Thesis Title

Christian Science and Anxiety in the Life of Principia College Students

Date of Graduation

Summer 2007


Master of Arts in Religious Studies


Religious Studies

Committee Chair

John Schmalzbauer


anxiety, Christian Science, Principia College, narratology, Pargament

Subject Categories



Anxiety is attracting increasing attention as a detrimental force in the lives of college students. Religion, a coping strategy for many in dealing with anxiety, has not been looked upon favorably by psychologists as it has often been perceived as actually causing anxiety. The central focus of Christian Science is healing all ills-- including anxiety. In the search for effective coping methods for college students, and an increased dialogue between psychologists and religious adherents, this thesis looks at how religion and anxiety functions in the lives of students at Principia College, a college for Christian Scientists. Using narrative research methodologies, the narratives of these students' experiences at this college are compared to the positive and negative religious coping methods that Kenneth Pargament has investigated. The aim of doing this comparison is to demonstrate how their religion acts in alleviating and accentuating anxiety in their daily college lives. I find that these methods, while helpful in understanding that experiences of these students with religion and anxiety in college, only paint a part of the picture. To further understand these multi-faceted experiences, I employ the text-based role theory of Hjalmar Sundén. I determine that compassion is the single most important thing for further aiding these students in the dealings with anxiety at Principia College.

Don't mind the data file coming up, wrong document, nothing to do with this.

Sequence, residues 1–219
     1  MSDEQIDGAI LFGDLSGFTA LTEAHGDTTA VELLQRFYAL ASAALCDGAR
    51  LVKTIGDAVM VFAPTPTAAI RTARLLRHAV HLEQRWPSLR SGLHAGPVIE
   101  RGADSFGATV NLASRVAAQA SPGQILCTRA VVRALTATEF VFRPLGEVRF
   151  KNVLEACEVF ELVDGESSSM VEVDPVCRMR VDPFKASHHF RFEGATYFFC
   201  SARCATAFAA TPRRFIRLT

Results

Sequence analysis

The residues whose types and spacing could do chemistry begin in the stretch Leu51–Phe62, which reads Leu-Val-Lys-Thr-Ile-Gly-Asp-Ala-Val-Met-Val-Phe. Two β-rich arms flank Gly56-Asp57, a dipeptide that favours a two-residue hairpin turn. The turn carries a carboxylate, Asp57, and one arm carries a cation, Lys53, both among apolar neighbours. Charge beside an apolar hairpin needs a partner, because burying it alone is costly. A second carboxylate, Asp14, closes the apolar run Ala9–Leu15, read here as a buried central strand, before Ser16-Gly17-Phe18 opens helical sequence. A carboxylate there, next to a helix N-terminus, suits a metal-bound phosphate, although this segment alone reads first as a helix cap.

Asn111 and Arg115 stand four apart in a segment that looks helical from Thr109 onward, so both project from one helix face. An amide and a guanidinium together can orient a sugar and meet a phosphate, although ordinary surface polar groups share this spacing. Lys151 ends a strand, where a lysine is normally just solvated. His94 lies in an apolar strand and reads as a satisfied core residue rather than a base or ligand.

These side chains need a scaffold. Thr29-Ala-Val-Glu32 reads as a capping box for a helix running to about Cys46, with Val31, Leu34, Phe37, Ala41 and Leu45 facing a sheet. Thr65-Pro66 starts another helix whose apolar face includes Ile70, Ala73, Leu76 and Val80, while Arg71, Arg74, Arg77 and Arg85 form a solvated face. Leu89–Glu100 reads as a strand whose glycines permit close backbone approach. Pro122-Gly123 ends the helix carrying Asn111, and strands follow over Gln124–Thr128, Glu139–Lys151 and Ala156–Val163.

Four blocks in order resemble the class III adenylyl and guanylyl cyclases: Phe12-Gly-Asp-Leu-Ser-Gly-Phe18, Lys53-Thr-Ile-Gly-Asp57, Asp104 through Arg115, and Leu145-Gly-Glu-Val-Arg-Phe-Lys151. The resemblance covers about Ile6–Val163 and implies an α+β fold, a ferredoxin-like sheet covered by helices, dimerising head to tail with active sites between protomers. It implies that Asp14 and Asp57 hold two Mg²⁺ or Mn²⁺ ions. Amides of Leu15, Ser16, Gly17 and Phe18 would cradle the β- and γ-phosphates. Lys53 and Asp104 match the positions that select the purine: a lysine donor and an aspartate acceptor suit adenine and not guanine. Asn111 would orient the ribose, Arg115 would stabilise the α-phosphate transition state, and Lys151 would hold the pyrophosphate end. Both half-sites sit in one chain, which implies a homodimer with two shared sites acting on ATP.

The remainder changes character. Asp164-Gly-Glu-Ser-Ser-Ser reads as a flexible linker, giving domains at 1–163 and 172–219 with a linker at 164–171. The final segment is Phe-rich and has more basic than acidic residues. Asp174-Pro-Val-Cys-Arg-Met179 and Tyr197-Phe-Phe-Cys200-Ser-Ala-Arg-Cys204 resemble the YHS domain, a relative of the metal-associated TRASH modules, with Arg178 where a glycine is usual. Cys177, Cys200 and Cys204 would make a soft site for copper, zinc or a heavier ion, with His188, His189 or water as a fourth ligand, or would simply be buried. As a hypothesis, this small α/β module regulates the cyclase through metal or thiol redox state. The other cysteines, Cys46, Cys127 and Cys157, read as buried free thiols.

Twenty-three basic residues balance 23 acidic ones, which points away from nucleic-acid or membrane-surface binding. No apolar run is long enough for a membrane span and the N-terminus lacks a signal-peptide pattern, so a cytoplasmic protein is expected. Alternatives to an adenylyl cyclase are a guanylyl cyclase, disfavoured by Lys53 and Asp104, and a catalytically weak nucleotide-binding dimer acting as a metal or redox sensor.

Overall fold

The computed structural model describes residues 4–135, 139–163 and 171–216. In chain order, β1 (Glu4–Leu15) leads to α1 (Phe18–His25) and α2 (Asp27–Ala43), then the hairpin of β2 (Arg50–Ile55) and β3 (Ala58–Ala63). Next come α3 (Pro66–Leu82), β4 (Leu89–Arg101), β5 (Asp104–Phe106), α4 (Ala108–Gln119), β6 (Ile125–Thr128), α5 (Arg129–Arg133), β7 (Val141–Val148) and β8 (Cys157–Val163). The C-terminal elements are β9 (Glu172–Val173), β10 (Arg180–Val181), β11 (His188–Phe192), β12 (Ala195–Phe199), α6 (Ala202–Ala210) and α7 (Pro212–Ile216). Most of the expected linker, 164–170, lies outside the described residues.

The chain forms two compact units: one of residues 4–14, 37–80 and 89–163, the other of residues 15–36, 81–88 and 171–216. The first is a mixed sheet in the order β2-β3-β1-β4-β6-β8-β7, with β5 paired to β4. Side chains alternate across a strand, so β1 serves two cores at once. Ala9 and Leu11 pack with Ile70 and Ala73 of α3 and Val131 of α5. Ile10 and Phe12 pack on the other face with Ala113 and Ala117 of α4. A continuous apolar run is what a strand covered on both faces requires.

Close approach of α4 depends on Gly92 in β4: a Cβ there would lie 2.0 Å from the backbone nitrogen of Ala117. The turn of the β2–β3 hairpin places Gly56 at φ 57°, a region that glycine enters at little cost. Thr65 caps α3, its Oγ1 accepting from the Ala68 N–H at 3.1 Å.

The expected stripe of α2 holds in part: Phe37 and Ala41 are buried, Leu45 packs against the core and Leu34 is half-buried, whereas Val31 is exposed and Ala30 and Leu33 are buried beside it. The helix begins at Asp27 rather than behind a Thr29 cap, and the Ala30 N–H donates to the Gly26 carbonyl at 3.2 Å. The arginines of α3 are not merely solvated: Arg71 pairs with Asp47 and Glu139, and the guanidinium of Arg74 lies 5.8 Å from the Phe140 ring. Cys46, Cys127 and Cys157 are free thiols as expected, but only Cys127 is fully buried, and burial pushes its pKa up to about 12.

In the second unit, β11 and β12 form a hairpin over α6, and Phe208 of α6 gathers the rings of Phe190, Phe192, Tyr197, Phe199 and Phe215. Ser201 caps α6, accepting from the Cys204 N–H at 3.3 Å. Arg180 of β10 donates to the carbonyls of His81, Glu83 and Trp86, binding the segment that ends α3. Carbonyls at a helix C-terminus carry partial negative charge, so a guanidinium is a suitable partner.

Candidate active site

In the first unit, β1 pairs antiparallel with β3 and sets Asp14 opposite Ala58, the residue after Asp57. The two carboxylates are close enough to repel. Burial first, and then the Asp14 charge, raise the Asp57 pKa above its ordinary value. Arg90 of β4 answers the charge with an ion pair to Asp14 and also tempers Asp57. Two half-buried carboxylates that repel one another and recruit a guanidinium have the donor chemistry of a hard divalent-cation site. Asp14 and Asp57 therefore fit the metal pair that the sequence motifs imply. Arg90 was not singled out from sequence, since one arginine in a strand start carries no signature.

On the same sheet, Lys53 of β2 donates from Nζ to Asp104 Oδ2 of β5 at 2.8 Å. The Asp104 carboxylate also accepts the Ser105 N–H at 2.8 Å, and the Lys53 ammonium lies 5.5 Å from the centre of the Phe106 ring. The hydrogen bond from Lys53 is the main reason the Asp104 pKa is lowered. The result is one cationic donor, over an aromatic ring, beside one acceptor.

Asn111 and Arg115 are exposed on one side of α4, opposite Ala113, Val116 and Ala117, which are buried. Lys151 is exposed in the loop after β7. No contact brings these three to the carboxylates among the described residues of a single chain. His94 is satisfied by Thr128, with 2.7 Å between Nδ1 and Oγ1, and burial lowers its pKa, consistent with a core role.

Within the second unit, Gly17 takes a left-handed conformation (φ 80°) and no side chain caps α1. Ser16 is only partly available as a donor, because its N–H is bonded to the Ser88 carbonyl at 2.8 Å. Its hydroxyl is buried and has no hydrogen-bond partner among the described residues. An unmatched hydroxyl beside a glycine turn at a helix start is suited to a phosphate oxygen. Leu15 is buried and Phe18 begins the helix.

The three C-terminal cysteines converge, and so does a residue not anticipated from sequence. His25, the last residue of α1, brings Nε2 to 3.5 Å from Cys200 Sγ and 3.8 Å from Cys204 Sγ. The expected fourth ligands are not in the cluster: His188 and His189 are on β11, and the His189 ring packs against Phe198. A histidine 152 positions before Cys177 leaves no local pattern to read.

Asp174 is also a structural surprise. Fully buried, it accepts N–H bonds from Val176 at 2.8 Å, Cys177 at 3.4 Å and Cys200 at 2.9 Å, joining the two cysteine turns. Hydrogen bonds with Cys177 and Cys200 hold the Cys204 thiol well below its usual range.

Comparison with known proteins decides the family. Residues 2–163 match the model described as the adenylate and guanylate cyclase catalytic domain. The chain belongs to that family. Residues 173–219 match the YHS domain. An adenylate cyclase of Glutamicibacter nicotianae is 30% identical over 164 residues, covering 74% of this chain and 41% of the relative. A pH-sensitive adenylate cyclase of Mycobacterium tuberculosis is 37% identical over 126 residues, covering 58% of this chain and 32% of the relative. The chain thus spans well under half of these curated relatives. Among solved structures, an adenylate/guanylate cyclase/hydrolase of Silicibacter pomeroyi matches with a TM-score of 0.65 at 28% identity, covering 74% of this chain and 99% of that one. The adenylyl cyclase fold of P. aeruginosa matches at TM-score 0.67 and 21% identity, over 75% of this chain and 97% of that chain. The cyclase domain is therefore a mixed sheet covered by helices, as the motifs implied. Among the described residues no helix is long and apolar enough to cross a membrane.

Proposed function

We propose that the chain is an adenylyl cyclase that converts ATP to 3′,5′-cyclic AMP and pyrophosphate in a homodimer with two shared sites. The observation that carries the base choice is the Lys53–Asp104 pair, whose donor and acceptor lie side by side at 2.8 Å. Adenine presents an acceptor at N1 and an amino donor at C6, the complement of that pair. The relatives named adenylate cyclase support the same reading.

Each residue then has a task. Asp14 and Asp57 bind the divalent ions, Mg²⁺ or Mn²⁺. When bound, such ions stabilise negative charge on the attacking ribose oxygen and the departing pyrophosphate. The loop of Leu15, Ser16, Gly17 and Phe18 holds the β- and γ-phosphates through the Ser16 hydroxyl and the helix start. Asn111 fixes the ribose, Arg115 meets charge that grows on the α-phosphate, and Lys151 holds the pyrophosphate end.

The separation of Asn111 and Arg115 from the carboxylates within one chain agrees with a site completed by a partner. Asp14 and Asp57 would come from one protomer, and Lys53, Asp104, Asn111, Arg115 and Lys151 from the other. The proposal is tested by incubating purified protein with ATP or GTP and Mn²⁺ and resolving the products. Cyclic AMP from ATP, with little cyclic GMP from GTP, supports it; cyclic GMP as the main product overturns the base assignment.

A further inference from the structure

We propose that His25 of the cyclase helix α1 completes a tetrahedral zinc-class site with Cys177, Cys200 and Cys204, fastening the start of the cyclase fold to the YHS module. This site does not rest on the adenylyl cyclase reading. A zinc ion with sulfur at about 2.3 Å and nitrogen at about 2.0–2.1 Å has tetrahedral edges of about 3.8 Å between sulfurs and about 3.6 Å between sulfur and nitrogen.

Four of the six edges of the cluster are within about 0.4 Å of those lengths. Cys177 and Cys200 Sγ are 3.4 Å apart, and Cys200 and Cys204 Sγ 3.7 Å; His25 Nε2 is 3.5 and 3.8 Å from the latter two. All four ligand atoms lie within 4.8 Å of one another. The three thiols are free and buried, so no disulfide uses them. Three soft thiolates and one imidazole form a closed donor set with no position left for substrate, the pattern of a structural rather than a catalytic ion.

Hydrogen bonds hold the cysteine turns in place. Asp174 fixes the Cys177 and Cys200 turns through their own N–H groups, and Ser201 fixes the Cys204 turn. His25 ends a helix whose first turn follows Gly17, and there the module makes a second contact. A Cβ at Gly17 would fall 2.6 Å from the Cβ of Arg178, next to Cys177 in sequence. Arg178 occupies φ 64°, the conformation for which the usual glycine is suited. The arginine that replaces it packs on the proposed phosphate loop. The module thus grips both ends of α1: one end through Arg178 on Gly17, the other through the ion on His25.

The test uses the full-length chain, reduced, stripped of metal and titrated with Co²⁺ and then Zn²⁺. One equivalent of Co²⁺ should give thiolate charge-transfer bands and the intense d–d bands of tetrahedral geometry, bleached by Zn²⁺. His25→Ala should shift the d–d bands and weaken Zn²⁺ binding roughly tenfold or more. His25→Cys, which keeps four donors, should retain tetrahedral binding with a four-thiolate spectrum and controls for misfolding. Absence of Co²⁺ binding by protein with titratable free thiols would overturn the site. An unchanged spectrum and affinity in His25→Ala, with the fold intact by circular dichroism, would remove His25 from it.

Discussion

© Heather J. Fabian